A truly "EMyth'd business" is a systems-dependent business. This will come as no surprise to those of you who are familiar with EMyth. In many circles EMyth is synonymous with systems. But sometimes the idea people have in their heads about systems and how they work in a business are different than what we actually advocate.
One of the keys to succeeding in business is through analyzing and improving business development systems. We call this business development cycle "Innovation, Quantification, and Orchestration." For the purposes of this article, we're going to look at these in reverse order:
- Orchestration is the strategic development and delivery of your systems.
- Quantification is the evaluation of those systems.
- Innovation is the process of improving your systems.
So let's take a look at some of the processes involved in the systems development cycle.
A systems strategy
We believe that your systems strategy is your business strategy, and the business systems you put in place are your business. This goes back to the idea of the franchise prototype or turn-key business idea — that if you do it right, your business will run itself, systematically and predictably.
If you're new to this idea, it's easy to feel overwhelmed when you take a look at your business and try to figure out where to begin. There are literally hundreds of things you could systematize, but only a handful of things you should, at least right out of the gates.
You have to think strategically about what systems will have a meaningful impact on your business. Is it in your best interest to come up with a system that properly routes a prospect through your phone queue? Maybe. Or what about a system for shipping out packages? Possibly. The strategy will be different for every business; the key is to exercise your best judgment on what system to begin with that will create the result with the biggest impact on your business.
We've had business owners who've told us that their business really is systematized - it's just that the systems are all in their head. Well folks — we hate to break it to you — but that doesn't count!
Unless a system is documented, it can't be repeated properly. You may have a system that has naturally developed over time, and it works pretty well because the people who do it have been doing it that way for a long time. But if that process is not written down, how can you train others to create the same results?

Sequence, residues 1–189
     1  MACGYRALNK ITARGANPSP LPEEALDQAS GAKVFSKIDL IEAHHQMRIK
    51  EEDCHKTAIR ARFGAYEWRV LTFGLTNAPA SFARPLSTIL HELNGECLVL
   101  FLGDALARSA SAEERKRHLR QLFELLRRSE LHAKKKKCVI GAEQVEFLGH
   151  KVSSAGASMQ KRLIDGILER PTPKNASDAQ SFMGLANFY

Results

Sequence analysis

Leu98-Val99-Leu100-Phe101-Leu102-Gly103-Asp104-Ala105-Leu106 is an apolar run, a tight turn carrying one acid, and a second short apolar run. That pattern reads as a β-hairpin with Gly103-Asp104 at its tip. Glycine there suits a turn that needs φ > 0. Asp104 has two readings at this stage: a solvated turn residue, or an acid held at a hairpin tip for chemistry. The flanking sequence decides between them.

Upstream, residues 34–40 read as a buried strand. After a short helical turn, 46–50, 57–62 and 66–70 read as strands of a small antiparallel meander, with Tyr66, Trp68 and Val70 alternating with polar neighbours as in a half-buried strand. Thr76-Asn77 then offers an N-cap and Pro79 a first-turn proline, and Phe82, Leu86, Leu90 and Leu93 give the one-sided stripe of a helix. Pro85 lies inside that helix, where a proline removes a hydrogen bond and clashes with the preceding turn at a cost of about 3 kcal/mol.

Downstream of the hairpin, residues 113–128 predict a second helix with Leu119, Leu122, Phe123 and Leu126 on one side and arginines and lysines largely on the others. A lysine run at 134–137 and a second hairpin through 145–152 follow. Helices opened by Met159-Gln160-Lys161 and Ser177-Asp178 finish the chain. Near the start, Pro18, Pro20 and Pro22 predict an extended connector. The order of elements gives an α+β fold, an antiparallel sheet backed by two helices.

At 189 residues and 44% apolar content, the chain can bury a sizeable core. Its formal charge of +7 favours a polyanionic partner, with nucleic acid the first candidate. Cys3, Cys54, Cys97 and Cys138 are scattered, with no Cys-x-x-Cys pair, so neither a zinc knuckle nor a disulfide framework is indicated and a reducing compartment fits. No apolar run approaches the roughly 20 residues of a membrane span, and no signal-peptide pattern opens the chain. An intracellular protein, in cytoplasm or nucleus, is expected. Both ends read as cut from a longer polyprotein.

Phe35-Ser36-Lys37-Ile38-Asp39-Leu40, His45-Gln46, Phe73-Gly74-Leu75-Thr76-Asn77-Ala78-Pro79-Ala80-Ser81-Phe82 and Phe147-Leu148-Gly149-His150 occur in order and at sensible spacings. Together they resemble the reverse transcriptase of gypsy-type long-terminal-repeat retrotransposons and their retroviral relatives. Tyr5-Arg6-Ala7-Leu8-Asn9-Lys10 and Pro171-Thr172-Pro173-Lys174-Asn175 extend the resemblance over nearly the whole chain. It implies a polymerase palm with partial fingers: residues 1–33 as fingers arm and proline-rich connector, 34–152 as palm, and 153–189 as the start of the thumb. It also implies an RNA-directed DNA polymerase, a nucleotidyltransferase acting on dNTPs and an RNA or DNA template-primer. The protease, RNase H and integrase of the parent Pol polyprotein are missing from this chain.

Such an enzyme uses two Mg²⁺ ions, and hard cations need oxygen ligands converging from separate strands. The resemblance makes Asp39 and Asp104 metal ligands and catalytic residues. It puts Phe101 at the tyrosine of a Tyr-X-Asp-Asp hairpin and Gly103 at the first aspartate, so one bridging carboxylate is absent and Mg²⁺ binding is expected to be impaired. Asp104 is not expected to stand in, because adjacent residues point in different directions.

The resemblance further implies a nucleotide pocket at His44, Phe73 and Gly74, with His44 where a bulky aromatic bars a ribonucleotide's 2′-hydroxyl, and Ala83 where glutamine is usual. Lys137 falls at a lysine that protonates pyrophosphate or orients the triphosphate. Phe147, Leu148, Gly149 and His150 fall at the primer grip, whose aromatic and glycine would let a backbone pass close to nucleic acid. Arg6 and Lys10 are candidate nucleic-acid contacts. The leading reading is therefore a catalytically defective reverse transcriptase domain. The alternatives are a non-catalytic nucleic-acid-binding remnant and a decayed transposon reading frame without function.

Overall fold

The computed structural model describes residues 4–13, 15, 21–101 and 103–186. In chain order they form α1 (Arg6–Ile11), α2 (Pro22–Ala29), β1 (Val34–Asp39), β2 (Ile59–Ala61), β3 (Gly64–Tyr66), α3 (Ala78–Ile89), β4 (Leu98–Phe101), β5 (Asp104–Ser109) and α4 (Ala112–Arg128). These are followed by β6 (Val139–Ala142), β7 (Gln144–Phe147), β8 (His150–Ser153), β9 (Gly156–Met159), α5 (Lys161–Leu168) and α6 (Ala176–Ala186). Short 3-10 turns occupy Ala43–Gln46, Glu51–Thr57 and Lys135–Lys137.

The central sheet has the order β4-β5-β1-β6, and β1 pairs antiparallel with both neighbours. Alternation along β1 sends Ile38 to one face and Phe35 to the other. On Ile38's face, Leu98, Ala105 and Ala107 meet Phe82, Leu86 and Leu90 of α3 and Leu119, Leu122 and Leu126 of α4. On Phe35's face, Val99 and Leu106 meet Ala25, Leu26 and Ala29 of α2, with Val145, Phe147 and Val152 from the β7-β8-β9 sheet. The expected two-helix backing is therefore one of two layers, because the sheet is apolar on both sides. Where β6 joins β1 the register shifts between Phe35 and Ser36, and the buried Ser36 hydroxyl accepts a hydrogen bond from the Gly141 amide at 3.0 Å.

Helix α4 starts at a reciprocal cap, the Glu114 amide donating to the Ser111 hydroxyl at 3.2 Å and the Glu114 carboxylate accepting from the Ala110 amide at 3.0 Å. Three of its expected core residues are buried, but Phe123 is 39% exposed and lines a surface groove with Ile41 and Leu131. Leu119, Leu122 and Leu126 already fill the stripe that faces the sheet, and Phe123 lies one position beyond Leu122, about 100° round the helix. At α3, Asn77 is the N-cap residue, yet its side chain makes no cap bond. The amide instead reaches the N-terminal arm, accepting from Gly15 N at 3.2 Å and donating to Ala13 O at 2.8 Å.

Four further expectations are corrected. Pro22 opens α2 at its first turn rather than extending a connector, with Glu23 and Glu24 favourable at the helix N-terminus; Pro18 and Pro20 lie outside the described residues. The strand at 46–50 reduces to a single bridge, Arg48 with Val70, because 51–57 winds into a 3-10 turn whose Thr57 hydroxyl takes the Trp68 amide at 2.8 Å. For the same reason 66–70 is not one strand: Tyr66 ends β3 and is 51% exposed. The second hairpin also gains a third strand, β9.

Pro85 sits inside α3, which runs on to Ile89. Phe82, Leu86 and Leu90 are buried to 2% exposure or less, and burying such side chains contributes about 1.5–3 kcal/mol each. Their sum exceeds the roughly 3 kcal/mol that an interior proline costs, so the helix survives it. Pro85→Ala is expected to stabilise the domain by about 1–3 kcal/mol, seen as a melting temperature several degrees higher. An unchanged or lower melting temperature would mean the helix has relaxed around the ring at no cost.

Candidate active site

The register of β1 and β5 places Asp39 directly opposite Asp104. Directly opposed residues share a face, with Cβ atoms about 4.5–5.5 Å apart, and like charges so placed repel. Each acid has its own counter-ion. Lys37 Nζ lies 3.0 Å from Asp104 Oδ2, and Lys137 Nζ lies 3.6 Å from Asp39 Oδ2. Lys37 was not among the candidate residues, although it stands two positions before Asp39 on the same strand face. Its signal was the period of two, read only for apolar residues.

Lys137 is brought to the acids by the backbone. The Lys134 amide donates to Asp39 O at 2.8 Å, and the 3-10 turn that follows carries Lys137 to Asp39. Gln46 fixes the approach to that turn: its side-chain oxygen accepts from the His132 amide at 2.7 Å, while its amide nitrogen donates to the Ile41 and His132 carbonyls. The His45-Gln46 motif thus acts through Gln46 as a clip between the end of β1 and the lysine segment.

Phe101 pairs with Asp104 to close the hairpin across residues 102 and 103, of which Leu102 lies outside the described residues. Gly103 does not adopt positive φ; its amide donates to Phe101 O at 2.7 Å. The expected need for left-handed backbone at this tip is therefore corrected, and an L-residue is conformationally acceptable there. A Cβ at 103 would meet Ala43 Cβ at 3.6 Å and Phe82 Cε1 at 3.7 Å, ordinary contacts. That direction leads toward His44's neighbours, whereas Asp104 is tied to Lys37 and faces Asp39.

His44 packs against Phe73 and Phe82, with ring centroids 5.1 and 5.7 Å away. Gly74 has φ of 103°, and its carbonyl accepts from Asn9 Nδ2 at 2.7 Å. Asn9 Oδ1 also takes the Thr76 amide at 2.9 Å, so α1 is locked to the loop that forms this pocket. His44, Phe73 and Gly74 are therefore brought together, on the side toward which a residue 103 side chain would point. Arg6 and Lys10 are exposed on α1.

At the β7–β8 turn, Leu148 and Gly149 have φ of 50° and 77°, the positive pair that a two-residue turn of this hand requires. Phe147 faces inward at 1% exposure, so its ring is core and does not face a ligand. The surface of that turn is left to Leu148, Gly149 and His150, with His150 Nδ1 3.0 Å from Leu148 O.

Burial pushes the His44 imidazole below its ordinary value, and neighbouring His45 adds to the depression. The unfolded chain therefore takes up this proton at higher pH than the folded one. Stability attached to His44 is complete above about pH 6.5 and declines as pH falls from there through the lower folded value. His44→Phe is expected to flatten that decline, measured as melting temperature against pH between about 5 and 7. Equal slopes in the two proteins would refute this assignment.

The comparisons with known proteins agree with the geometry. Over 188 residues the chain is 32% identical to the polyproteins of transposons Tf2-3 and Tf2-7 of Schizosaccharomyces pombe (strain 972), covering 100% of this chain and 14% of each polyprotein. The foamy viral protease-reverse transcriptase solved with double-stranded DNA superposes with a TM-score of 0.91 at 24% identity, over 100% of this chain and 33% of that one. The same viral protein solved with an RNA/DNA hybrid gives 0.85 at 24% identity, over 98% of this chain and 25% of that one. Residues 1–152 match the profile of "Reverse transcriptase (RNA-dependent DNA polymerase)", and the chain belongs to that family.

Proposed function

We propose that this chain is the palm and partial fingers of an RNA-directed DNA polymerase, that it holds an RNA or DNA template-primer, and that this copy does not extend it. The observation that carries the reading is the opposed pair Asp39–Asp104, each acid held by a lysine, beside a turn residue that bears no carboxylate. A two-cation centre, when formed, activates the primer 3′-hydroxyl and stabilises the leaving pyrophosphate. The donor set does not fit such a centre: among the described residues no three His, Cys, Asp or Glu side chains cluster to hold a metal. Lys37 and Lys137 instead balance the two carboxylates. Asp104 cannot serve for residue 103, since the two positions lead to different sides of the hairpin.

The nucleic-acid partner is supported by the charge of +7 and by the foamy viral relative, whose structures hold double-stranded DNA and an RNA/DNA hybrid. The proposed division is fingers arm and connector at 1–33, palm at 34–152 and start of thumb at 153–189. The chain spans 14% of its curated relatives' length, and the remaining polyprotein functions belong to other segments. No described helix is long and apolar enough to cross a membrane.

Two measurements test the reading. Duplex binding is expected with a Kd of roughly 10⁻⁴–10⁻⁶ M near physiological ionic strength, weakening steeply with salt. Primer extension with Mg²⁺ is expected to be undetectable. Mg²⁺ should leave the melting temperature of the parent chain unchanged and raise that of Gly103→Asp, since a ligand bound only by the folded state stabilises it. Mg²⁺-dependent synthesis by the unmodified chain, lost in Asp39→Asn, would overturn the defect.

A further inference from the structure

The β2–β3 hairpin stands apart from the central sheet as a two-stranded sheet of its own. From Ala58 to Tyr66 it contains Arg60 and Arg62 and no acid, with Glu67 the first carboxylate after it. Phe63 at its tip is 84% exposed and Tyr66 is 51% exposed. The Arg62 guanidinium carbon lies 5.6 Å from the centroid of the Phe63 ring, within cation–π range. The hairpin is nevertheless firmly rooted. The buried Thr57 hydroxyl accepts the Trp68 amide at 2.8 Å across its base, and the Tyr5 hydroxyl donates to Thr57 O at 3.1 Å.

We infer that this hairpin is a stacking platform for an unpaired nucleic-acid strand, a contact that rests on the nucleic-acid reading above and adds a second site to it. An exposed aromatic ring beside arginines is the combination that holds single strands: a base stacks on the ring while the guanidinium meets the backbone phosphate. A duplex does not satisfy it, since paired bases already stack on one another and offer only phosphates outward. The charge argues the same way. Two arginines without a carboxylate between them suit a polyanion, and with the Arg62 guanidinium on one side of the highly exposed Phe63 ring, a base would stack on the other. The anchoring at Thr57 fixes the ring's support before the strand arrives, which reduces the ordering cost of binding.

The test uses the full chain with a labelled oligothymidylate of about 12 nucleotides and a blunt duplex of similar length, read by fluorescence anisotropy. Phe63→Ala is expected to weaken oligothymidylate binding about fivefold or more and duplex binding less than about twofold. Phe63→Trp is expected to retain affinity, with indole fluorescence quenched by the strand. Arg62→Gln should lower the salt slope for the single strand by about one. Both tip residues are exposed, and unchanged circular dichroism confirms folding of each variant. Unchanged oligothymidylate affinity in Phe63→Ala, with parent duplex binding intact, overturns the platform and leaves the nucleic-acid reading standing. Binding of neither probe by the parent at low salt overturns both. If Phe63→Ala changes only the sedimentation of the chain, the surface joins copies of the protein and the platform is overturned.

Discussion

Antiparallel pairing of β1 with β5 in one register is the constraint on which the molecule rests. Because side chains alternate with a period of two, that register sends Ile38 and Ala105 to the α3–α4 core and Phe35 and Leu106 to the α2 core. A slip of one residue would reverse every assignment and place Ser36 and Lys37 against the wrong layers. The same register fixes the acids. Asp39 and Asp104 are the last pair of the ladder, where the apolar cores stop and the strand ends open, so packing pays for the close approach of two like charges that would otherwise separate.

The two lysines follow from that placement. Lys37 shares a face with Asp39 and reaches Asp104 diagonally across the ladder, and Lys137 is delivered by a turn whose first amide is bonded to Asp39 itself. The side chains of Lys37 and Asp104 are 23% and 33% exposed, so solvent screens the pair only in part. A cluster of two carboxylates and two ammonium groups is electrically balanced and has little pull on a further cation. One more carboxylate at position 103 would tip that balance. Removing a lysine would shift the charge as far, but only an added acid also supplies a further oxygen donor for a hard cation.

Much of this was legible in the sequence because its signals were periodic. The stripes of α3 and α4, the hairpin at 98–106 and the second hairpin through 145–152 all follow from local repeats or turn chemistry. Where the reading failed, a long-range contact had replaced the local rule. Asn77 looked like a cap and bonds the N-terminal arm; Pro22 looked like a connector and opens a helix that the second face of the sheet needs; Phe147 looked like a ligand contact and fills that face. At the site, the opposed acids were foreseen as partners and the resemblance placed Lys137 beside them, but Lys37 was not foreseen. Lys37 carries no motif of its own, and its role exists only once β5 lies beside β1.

Documenting processes is absolutely essential. And it's not necessarily about the structure of the document, so don't get caught up in that aspect. It doesn't really matter how you write it down; just that you do it in a way that's effective in your business and can be easily followed.
Systems should be dynamic. When you notice that you aren't getting the results that you expect from a particular system, you might be tempted to jump to an innovation phase, to step in and immediately implement changes you think will help. Resist this temptation! Don't even think about it until you've taken a good hard look at what's really going on.
In the Innovation, Quantification and Orchestration cycle, systems evaluation is the Quantification stage. When you document your systems, you must have clearly defined and quantifiable results so that you know how to evaluate your efforts. It's the only way to truly determine if your systems are effective.
One of my clients owns an online retail store. After great deliberation, he and his key staff developed a system that was supposed to be producing a lot of new leads. They documented the system, they trained everyone to use it and they rolled it out with a lot of fanfare — after all — the intended result was to increase leads in a big way — this was going to have a huge impact on their business.
After rolling out the "new and improved" system, sure enough, they did attract some new leads. But during one of our coaching calls we took a good hard look at the data — we quantified the results and realized that although it felt like the systems were working, in actuality, they weren't getting any more leads than they were before. Even though they had spent time, energy and financial resources aimed at producing a better result, the bottom line was that it just wasn't working. If we hadn't taken the time to evaluate the system, they wouldn't have been aware of the problem and they wouldn't have been able to go through the process of innovation to fix it.
Systems evaluation is an essential (but often forgotten) step in understanding your business better. By taking a good hard look at your systems and their intended results, you can determine where innovation (or possibly elimination) needs to occur.
Systems innovation is about creating new systems, enhancing existing systems, and doing things in a better way. The truth is that every system can be improved and systems innovation will keep your business healthy year after year.
Using the indicators you developed in your systems evaluation process, you'll be able to immediately determine whether or not new ideas are having a measurable impact. And in today's challenging economy, you may need to make quite a few adjustments to your business.
At the end of the day, your systems have to serve your business. They should help you by minimizing costs, maximizing profits and ultimately increase the value of your business.
Systems are the solution
Implementing systems doesn't have to be a scary process that you put off for a rainy day. Remember, your systems strategy is integrated in the business development cycle of Orchestration, Quantification and Innovation. Implementing your best practices (a.k.a. systems) will help you build a thriving turn-key business operation.
Share your story
How has the business development cycle shown up in your business? What systems are you currently quantifying and innovating to stay nimble in the marketplace? Post a comment and tell us about it.